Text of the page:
Keeping your devices’ software updated is a good way to ensure that your devices are equipped to deal with potential security threats; as the methods and programmes used by fraudsters becomes more sophisticated, tech companies strive to stay as up to date as they can, implementing new software updates to further protect your accounts. It is also recommended to install anti-virus and security software on your devices; these can help detect viruses and malware and protect your information. However, bear in mind that scammers will often disguise themselves as services offering anti-virus software, so ensure you are downloading genuine software before installing.
Wi-Fi and VPN
Hackers can access your information using your Wi-Fi, or a Wi-Fi network you are using. To help prevent this ensure that your own Wi-Fi network is protected using a secure password, and do not join Wi-Fi networks you do not trust. Remove all networks from your device’s network list that you no longer need and disable the ‘auto-connect’ feature. If you have no option but to connect to a shared or public connection, using a VPN can help disguise your traffic and keep your identity and information secure.
What to do if you suspect you have been hacked?
If you think you have been hacked – perhaps you have seen some unusual activity on your bank statement or can no longer access one of your accounts – you need to be proactive and react quickly. If you can, change the login details on the account, making sure they are completely different and that the password is secure. You should then contact the company with whom the account is held (e.g. Netflix, Gmail, your bank) and notify them of the activity. To regain control of the account you will need to prove your identity with additional information, so be prepared for this. It is also a good idea to notify those around you that your account has been compromised, to help prevent confusion or communication issues. If one of your accounts has been compromised, there is a chance that others may be at risk – check your security settings and passwords and adjust if needed.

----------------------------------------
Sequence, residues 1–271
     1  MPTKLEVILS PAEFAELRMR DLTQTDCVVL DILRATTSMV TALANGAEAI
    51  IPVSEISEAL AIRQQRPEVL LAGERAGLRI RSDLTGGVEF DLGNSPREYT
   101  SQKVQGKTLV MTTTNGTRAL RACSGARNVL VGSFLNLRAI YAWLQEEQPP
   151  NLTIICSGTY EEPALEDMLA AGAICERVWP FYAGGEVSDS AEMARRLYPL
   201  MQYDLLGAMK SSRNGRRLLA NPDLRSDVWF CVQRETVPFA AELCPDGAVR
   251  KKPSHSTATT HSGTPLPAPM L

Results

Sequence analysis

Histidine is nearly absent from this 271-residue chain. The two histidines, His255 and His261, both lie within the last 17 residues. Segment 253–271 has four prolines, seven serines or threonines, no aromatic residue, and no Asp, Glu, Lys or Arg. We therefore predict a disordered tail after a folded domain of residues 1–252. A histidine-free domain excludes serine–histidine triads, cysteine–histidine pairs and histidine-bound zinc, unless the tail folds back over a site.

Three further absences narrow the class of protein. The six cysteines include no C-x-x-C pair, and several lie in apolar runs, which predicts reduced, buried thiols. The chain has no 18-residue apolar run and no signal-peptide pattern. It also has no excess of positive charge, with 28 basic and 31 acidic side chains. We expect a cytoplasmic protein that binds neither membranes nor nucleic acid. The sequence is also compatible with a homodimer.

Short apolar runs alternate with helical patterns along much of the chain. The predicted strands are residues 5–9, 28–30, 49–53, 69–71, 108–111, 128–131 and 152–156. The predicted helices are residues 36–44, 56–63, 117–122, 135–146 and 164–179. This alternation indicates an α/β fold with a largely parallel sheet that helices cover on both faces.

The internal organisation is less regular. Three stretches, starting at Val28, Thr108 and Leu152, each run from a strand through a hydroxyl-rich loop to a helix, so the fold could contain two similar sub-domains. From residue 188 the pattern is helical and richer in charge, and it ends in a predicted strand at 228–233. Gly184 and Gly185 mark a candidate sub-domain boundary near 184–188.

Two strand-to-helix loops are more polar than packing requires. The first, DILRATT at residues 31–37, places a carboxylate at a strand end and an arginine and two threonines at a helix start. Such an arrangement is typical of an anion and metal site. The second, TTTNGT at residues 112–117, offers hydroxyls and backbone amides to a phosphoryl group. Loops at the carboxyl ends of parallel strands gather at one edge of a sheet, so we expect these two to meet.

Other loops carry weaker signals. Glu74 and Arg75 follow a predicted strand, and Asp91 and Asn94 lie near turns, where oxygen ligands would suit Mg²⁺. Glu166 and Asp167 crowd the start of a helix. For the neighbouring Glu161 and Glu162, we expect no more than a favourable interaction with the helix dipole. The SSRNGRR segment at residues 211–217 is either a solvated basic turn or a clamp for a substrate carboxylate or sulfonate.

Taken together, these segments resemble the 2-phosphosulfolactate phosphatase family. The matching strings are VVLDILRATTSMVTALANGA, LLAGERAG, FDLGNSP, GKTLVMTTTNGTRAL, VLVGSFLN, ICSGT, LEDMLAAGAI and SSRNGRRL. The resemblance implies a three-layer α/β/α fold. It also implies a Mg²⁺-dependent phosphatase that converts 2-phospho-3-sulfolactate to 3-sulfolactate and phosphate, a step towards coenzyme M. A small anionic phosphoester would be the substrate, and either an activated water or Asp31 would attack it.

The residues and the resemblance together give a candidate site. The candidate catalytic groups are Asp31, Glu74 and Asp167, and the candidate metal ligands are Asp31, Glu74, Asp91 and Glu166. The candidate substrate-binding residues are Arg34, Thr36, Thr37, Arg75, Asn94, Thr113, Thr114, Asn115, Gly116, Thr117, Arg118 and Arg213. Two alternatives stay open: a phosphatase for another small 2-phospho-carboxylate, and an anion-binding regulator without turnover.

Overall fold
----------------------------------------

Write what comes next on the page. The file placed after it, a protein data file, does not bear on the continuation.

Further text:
When it comes to cyber security, you cannot be too careful. Remember that a lot of the time it is not only your information at risk, but those around you and even the security of your workplace. By following the tips above you can help keep yourself, and those around you, secure only, building good habits that will only become more relevant as the technological world continues to develop.
This communication is for informational purposes only and is not intended to constitute, and should not be construed as, investment advice, investment recommendations or investment research. You should seek advice from a professional adviser before embarking on any financial planning activity. Whilst every effort has been made to ensure the information contained in this communication is correct, we are not responsible for any errors or omissions.